Friday, July 10, 2009

Climbing Dante's Ladder

This post is not about musical influences and experiences as much as it is about what experiences influenced the music.

C. S. Lewis entitled his autobiography Surprised by Joy. An early encounter with an inexplicable delight led him, ultimately, to the source of true joy--God. In my case it wasn't joy, it was love that was the great mystery and desire. It's difficult to explain why. I grew up in a household full of love, so it wasn't a sense of deficiency that drove me; it was a sense of wonder. I learned in elementary school that there was something magical in infatuation. Even as an adolescent, I found the emotional sensation more alluring than the physical. I'm not suggesting that the physical drive wasn't there--I was a boy, after all--just that the "in love" feeling had something transcendent, something spiritual, about it. I like the way Lewis said it in The Four Loves: “Sexual desire, without Eros, wants it, the thing in itself; Eros wants the Beloved.” So, I thought about love a lot. I had crushes. But I had no girlfriends. I had a few friends who were girls, but I had no girlfriends. I had what we called in those days an inferiority complex. I didn't think any girl I was interested in would be interested in the likes of me. I never dated in high school. But I thought about love a lot. I began to experience some real relationships (not many by most standards). Love seemed to offer both exhilaration and suffering, the stuff poems and songs are made of. I began to write poems and songs.

As I mentioned in an earlier post, it wasn't the direct love of God that I felt in that small prayer group that turned me to Him; it was the indirect love of God these people were showing each other. I began to see that all love comes from, and leads to, God. Yes, there are perversions of love just like there are perversions of every good thing. But love, like every good thing, comes from God. Again, Lewis: “Love ceases to be a demon only when he ceases to be a god.” Anything flowing from the Source that we put in the place of the Source, we make a god, and we pervert. Anything. It's a violation of the First Commandment. But God isn't just full of love, He is love (1 John 4:8). Seeking love, to know what it was, what it felt like, what it cost--these things were leading me to a deeper understanding of the nature of God and his intentions for human relationships. Looking around at our culture, I couldn't help but notice the absolute stupidity of a society that made sex and romance it's religion and left behind broken-hearted people who could not understand how some guy or girl could not make them whole. But I was finding love. I had friends and family I could trust. I had a few romantic relationships that I didn't have to feel ashamed of: you love, you lose, you hurt, but you didn't do anything wrong; you just weren't a match. We really were "brothers and sisters in Christ." Sometimes the boy-girl relationship would border on romantic. So? Sometimes it crossed the border. So? It was sweet and fun and, well, innocent. Not innocent as in naive. Innocent as in not guilty. Anyway, know of a better pool of potential mates? Beats dating.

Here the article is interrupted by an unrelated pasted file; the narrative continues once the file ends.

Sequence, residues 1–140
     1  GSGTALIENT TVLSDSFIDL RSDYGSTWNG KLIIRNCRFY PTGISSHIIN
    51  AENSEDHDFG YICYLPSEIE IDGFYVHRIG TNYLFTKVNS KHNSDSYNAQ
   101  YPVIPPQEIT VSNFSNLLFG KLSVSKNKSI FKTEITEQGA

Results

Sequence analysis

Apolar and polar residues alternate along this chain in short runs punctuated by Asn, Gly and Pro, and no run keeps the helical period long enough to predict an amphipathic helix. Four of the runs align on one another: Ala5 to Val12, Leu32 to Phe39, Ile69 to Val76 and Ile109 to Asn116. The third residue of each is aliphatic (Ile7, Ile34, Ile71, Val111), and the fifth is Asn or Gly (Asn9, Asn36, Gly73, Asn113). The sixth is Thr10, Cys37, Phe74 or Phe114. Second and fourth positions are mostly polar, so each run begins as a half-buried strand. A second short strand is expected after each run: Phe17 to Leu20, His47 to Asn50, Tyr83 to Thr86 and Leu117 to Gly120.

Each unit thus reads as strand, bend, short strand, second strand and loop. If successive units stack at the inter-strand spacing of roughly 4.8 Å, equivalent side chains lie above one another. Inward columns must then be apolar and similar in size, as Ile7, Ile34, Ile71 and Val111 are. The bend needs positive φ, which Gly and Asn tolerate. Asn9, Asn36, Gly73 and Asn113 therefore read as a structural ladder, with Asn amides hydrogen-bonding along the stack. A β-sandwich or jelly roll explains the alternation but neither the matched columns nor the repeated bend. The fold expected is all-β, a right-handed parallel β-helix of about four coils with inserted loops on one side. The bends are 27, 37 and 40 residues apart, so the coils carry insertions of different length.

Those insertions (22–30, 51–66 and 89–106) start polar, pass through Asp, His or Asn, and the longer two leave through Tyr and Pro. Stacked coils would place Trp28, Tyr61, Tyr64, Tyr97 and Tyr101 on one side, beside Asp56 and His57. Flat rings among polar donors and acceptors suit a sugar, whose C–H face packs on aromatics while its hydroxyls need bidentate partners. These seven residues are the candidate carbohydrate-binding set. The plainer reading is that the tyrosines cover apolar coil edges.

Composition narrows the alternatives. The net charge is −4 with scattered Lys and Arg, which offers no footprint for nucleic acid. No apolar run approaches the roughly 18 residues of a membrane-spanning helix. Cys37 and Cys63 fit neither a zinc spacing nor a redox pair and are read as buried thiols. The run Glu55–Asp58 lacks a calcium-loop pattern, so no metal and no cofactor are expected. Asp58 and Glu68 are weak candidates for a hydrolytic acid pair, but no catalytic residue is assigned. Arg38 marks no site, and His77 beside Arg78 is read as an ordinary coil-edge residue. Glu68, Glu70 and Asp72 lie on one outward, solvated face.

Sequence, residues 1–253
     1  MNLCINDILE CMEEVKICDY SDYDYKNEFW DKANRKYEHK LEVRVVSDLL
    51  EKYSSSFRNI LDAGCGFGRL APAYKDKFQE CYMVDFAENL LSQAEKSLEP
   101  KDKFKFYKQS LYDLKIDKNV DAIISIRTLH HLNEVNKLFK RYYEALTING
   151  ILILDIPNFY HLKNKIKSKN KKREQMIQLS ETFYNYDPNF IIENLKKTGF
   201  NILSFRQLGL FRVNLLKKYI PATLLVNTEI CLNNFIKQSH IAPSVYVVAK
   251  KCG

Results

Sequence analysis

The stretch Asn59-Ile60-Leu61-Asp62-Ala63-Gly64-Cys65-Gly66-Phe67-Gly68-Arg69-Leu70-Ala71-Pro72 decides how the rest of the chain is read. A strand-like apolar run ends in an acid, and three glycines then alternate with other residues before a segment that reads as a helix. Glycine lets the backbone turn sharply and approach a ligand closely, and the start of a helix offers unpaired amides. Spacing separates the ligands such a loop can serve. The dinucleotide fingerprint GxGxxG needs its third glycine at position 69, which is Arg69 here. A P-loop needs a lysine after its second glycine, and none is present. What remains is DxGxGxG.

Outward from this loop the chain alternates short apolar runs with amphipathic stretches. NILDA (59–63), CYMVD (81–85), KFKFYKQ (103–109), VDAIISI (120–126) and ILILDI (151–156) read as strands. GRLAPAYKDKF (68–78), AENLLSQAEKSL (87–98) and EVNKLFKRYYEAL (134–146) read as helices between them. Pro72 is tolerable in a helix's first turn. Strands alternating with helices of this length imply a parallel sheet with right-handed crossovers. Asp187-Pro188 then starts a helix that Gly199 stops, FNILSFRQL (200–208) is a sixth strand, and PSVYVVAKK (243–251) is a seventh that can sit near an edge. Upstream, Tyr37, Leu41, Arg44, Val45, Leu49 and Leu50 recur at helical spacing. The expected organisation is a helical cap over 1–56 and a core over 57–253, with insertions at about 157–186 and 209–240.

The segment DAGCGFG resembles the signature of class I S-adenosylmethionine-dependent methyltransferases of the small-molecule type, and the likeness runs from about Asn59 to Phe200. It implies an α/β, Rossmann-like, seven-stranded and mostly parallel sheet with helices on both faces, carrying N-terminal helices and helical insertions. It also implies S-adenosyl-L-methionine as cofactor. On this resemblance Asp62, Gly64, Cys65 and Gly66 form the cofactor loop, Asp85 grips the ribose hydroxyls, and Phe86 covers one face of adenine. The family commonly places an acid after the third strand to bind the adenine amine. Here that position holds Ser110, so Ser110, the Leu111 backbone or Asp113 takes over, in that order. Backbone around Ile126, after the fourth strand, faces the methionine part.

So the mysticism and mystery of love drew me into grace. Grace drew me deeper into love. My music reflected that journey. I was no good at writing a "praise" song (as we called them then) unless it was about something I had experienced. I wrote the simple little chorus "Gather Together" because I had found it profoundly true that we need each other in the Body. I would not have survived without my brothers and sisters. I had tried before and failed, but plugged into an organic body, I could thrive. I wrote "How Could You Be So Good" right after Jen and I were engaged to be married. I was used to God the Mighty, God the Teacher of Life Lessons, Jesus Lover of My Soul, but meeting, getting to know, and falling in love with Jennifer was the fulfillment of years of hopes and desires. I met the Lord Who Loves the Lover.

Not everything I have written has been about love per se, but it's at the core of what I have written because it is at the core of me. For the first three decades of my life I was a discoverer, a sojourner of love. Since then I have been learning how to put love into everyday practice. That's a bit more prosaic, so there hasn't been much poetry or music about it. Except maybe the best song I ever wrote, "Moment of Wonder."

Once all my life was visions
And all my friends musicians
We would spend those fertile hours waxing wise
With the syncopated drumming
And the air conditioner humming
In the innocence and glory of the guise

We were the things we had to be
As refugees from reality
But purer hearts a man could never find
If I knew then what I know now
I know I'd have done it all anyhow
'Cause no one can hear the music like the blind

Wasn't that a moment of wonder
Weren't those the days that saw us free
How could we have ever come closer
To being the hungry artists we wanted to be

Now all our wives are women
And our skill is in our living
We've seen a certain change, a change of heart and mind
And as my dreams become reality
And reality more clear to me
I can see that only love can outlive time

I know there is temptation
In reliving a situation
Where you hold the past like you'd hold a dying friend
But living friends grow older
And only the living can shoulder
The things our dreams give rise to in the end

Isn't this a moment of wonder
Isn't love worth learning how to see
How could we have ever come closer
To being the contented lovers we wanted to be
Tobeing the contended lovers we needed to be


(Copyright 1983 H W Finlayson Jr)

2 comments:

  1. This is the best post I've ever read. Thank you for putting it out there brother.

    ReplyDelete